Petrel, Pterodroma madeira
Photo: © F. Viveiros
Emergency conservation work pays off: Zinos
Petrel bounces back!
Europe, News Posts, Birdlife.org. Top Posts, Wed, Feb 15,
Zinos Petrel, Pterodroma madeira,
was Europes rarest seabird even before a ravaging
wild fire hit the
heart of Madeiras central massif, where this globally
endangered bird breeds.
The fire, in August 2010, had dire consequences:
25 young and 3 adults were found burnt to death, and of
the 13 young birds found alive, only one survived to fledge
that year the others were predated in their now
obvious nests on the barren mountain ledges.
Suddenly, the species population which had
been increasing steadily in recent years, thanks to efforts
the Natural Park of Madeira (PNM) was jeopardized.
The situation was grave indeed the fire not only
led to a near-complete breeding failure in 2010, but also
exacerbated soil erosion, causing several nesting burrows
As soon as the smouldering cinders permitted it, PNM developed
an action plan to mitigate the consequences
of this natural disaster. A team of conservation wardens
was deployed to place anti-erosion coconut mesh on
the breeding ledges to protect the soil in some of the most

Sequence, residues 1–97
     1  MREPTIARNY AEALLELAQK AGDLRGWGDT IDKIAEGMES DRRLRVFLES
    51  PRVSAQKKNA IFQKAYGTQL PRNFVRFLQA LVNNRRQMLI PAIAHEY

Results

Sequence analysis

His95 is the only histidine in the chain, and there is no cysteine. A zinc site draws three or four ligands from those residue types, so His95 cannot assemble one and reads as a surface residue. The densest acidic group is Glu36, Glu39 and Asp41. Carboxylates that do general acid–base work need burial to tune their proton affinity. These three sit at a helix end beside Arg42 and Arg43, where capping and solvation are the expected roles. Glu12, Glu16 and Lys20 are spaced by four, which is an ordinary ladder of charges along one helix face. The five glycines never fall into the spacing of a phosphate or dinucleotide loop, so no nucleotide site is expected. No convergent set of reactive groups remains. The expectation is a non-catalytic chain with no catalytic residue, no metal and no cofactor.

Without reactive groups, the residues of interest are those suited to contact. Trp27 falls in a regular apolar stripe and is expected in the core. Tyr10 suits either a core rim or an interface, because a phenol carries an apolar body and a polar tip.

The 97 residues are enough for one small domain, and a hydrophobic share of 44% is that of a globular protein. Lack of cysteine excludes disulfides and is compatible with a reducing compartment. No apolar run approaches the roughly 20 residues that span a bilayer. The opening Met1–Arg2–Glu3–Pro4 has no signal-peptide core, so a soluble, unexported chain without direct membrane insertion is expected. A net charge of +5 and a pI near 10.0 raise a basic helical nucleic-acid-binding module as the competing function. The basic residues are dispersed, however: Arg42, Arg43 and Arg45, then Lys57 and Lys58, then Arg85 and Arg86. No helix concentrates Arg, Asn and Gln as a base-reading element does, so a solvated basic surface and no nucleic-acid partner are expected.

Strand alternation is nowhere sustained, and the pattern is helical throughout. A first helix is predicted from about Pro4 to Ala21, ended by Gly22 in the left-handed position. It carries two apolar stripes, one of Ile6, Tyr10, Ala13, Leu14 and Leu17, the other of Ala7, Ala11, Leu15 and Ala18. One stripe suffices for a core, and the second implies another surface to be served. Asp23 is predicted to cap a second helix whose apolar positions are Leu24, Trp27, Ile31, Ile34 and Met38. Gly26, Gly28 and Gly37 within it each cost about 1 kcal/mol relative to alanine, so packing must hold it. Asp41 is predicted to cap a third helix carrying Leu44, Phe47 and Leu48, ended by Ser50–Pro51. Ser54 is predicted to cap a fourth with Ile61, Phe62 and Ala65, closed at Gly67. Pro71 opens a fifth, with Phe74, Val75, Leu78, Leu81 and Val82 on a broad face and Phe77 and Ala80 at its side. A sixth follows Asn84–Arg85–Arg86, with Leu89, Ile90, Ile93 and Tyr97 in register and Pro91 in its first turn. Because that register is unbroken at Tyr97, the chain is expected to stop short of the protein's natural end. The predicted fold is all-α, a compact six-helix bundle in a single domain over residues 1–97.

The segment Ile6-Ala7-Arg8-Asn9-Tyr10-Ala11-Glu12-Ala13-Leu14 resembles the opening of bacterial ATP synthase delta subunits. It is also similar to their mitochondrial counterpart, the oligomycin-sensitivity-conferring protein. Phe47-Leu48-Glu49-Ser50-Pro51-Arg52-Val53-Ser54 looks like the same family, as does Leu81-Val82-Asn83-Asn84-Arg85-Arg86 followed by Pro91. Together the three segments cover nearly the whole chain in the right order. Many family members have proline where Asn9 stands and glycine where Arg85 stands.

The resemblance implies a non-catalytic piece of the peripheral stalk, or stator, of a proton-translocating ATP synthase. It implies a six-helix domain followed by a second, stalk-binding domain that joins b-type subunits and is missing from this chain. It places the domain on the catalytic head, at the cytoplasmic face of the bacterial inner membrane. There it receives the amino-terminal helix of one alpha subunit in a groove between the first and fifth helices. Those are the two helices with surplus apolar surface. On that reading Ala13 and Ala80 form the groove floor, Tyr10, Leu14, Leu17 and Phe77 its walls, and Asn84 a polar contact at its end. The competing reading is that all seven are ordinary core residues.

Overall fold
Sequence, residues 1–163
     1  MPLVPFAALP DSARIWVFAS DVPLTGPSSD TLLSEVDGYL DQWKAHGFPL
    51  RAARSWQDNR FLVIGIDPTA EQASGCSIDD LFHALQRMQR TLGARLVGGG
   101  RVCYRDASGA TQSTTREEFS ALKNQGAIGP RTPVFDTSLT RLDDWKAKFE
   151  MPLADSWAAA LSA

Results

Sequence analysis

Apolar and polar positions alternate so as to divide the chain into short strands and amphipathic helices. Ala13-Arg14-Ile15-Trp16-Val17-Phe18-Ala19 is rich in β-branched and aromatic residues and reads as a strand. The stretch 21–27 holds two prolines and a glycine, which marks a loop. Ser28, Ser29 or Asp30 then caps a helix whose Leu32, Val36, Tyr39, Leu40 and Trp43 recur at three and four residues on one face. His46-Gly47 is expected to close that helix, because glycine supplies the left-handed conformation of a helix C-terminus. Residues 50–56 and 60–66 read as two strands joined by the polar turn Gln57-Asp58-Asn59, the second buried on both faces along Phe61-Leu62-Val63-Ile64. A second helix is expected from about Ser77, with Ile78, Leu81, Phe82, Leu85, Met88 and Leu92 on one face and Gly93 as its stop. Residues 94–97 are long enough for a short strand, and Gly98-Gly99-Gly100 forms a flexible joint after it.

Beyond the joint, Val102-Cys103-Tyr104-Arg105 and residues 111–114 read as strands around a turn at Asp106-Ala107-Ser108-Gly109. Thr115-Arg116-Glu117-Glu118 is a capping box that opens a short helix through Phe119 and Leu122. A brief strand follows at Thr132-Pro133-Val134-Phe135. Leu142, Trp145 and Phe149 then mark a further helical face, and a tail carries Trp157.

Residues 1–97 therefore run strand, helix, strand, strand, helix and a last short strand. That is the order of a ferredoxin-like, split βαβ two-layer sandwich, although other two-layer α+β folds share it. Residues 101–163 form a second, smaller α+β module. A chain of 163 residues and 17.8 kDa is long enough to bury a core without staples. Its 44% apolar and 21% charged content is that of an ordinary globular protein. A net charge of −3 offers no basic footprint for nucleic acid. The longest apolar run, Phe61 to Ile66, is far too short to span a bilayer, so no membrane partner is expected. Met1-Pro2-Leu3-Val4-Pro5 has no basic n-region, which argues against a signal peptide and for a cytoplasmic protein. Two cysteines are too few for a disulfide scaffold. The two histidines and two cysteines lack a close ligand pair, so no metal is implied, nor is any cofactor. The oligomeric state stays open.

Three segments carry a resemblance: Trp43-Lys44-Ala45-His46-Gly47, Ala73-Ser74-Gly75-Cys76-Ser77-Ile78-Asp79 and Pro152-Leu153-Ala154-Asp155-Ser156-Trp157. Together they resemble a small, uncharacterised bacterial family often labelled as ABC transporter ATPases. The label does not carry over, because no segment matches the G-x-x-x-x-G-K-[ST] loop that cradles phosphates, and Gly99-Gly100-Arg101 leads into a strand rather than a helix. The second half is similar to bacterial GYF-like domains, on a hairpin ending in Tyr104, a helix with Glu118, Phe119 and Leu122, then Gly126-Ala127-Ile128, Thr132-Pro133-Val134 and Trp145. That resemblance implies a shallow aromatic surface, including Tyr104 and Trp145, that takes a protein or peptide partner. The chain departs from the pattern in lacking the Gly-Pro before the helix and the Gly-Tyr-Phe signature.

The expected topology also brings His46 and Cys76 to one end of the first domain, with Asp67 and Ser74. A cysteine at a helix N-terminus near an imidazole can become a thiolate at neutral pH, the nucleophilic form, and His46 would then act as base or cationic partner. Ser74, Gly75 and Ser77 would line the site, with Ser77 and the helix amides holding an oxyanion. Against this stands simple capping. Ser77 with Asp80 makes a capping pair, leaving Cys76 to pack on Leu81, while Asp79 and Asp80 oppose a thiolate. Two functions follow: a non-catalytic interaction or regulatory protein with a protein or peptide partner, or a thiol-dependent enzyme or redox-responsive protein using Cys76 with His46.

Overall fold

Then, with financial and logistical support from SPEA/BirdLife
in Portugal, the RSPB/BirdLife in the UK and BirdLife International,
about 100 natural nests were restored, while 60 new artificial
nests were built.
A protective cordon was also built around the known breeding
areas, with cat traps and bait boxes.
When the surviving adult birds returned from wintering at
sea in April 2011, to prospect for breeding, conservationists
were expectant. As the summer progressed, the news from
Madeira got better proof once
again that adequate investment in conservation pays off.
Monitoring of the breeding colony indicated that
45 nests were occupied with eggs laid in 43 of them.
Although breeding success was lower than before the fire,
with only 19 nestlings hatching, the species prospects
looked more positive again. Moreover, fledgling success
was good, with 16 out of the 19 young birds eventually flying
out to sea in October.
PNM and SPEA are now more hopeful for the future
and will keep fighting the battle to save Europes
rarest seabird species.
This work was funded by the BirdLife Preventing Extinctions
Programme, Mark Constantine and many generous donations
to BirdLifes online and World Bird Club appeal. Zinos
Petrel has also benefitted from Save Our Species (SOS),
a joint initiative of the Global Environment Facility, IUCN
and the World Bank, which aims to ensure the long-term survival
and well-being of threatened species and critical habitats
for biodiversity conservation. These achievements would
not have been possible without the funds provided by members
and supporters of SPEA, the RSPB and BirdLife International.
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